Classicism and Totalitarian Art Misuse of classical Art by totalitarian systems
I was surprised by paintings of Salvador Dali showing the Pharos of Alexandria (2 versions), the Colossus of Rhodes and the colossal Zeus statue of Phidias. But also the Aphrodite of Cnidus or Melos or the wounded Amazon and the Nike of Samothrace can be found in some of his paintings. Sometimes hidden elements of Greek history and mythology exist in his paintings. In his last painting he symbolized, using Aphrodite, his expected death.
Andre Durand Contemporary Mythological Paintings (from Carlos Parada Website) a few maybe provocative images.
A modern version obviously of the goddess Athena (Sir Anthony Caro)
Greek Gods and heroes in Rubens' and Rembrandt's age A short report from Spiros Tzelepis
It is clear that we are witnessing the death throes of the cultural system maintained by the bourgeoisie in its galleries and its museums, Jean Clay
Modern Greek Painters and Ancient Greece
The Era of Heroes Pashalis Aggelidis
Plato and Arts
Who where the two artists of ancient times who competed to see who could paint the visible world most faithfully? “Now I shall prove to you that I am the best,” said the first, showing the other a curtain which he had painted. “Well, draw back the curtain,” said the adversary, “and let us see the picture.” “The curtain is the picture,” replied the first with a laugh.
Parrhasius wrote that he is such a good artist that he has set the limits of Arts so high that others will almost impossible reach. There are many stories of Parrhasisus some probably wrong. For example Seneca wrote that Parrhasius used a slave he obtained from Philip II after he destroyed Olynthus and sold the Olynthians as slaves. Parrhasius tortured the slave because he wanted to produce a realistic image of Prometheus punished by Zeus. The slave died. The painting was set in a temple of Athena. There are some doubts about this story as probably Parrhasius died earlier than the destruction of Olynthus.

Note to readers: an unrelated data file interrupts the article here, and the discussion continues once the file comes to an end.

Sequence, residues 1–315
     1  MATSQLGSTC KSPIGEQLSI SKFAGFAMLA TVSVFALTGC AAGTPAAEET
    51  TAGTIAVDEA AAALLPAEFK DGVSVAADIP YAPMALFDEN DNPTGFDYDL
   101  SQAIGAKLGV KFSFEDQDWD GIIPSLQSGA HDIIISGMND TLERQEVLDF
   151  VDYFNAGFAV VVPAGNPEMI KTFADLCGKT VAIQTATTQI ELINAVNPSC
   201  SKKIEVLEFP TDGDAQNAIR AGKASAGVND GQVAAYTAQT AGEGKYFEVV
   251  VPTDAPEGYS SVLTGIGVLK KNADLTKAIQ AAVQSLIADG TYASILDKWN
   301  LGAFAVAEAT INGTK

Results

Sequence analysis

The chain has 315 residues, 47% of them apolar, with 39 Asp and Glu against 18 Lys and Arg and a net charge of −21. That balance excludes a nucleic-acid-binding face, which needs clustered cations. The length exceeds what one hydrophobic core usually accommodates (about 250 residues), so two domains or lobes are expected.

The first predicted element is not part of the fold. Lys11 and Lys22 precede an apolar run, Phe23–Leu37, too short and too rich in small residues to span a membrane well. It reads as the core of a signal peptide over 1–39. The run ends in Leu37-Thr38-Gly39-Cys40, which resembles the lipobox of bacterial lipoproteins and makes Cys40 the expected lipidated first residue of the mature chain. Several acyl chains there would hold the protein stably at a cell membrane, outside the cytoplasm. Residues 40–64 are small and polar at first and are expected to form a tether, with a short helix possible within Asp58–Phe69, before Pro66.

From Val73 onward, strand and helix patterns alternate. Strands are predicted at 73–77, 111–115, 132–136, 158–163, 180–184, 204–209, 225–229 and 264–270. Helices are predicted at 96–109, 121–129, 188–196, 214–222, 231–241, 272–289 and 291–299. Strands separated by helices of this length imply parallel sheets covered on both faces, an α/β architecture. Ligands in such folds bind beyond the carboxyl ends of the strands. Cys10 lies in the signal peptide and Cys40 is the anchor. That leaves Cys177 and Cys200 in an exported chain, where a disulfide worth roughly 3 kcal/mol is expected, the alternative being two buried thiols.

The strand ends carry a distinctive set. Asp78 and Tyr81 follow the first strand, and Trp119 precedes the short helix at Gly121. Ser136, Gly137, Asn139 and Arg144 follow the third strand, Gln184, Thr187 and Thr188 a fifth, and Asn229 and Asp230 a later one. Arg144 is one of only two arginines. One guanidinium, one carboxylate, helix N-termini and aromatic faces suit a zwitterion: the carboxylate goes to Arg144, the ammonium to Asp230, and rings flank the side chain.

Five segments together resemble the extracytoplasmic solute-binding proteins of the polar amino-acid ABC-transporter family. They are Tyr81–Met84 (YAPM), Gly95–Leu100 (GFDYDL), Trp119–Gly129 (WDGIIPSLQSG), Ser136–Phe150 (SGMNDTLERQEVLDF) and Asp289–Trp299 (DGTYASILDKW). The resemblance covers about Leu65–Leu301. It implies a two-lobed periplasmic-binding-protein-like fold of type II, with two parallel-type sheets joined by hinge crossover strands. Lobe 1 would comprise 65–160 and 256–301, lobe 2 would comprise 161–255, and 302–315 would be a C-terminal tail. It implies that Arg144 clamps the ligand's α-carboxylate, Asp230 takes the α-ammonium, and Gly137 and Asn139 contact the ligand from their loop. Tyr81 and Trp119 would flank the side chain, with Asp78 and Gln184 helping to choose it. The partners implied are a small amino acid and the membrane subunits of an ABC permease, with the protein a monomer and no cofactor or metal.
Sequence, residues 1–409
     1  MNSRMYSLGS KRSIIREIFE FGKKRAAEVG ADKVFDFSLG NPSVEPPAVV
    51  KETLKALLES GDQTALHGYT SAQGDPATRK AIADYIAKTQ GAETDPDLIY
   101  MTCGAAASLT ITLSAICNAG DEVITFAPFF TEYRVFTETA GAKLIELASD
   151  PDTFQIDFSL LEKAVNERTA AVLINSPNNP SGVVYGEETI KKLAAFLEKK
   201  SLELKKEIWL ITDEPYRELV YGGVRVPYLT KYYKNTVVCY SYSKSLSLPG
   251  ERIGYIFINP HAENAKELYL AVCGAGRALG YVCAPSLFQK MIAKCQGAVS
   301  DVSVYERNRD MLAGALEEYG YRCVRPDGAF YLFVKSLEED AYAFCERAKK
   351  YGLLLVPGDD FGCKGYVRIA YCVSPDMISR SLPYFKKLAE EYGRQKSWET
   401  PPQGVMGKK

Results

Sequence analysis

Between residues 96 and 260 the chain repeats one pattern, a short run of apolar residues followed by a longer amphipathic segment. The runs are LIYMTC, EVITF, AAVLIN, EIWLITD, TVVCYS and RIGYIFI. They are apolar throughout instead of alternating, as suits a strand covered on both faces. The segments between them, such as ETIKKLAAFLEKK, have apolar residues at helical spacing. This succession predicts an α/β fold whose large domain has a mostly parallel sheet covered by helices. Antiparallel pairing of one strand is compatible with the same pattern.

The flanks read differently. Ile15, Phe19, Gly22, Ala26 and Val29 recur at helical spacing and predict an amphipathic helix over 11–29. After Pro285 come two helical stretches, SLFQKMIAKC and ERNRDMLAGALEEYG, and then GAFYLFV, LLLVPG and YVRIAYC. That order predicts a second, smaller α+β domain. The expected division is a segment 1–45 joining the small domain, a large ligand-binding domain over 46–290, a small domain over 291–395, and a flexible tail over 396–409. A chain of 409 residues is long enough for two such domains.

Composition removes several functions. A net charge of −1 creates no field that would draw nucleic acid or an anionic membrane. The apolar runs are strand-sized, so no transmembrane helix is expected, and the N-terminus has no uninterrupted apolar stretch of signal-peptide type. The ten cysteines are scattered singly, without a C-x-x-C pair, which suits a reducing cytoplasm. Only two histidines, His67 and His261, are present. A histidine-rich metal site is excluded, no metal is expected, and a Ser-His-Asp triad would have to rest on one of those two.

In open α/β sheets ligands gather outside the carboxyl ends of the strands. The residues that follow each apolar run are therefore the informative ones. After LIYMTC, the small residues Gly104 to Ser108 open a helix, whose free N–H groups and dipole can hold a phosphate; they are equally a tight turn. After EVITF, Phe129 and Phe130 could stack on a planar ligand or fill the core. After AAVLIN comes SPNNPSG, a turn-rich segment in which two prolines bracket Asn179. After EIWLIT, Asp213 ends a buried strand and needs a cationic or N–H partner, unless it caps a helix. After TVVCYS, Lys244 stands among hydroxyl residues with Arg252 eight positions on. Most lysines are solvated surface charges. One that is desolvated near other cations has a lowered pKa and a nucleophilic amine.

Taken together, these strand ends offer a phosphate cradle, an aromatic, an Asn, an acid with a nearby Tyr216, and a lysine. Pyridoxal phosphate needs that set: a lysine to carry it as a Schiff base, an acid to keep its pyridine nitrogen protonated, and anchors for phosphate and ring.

The art of the Greeks, of the Egyptians, of the great painters who lived in others times, is not an art of the past; perhaps it is more alive today than it ever was.
The more horrifying this world becomes, the more art becomes abstract.
ERNEST. You are horribly wilful. I insist on your discussing this matter with me. You have said that the Greeks were a nation of art-critics. What art-criticism have they left us?
GILBERT. My dear Ernest, even if not a single fragment of art-criticism had come down to us from Hellenic or Hellenistic days, it would be none the less true that the Greeks were a nation of art-critics, and that they invented the criticism of art just as they invented the criticism of everything else. For, after all, what is our primary debt to the Greeks? Simply the critical spirit. And, this spirit, which they exercised on questions of religion and science, of ethics and metaphysics, of politics and education, they exercised on questions of art also, and, indeed, of the two supreme and highest arts, they have left us the most flawless system of criticism that the world has ever seen.
ERNEST. But what are the two supreme and highest arts?
GILBERT. Life and Literature, life and the perfect expression of life. The principles of the former, as laid down by the Greeks, we may not realise in an age so marred by false ideals as our own.... Oscar Wilde, The Critic as Artist
In 4 June 470 BC Phaenarete, the wife of an Athenian sculptor, gave birth to her son Socrates... After spending several years in his father's workshop, he decided that his mission in life was not to be a sculptor of figures, but a moulder of souls. (See the discussion of Socrates with the Painter Parrhasius)
Metropolitan Museum Publications Download from there : Greek Art from Prehistoric to Classical (PDF Book)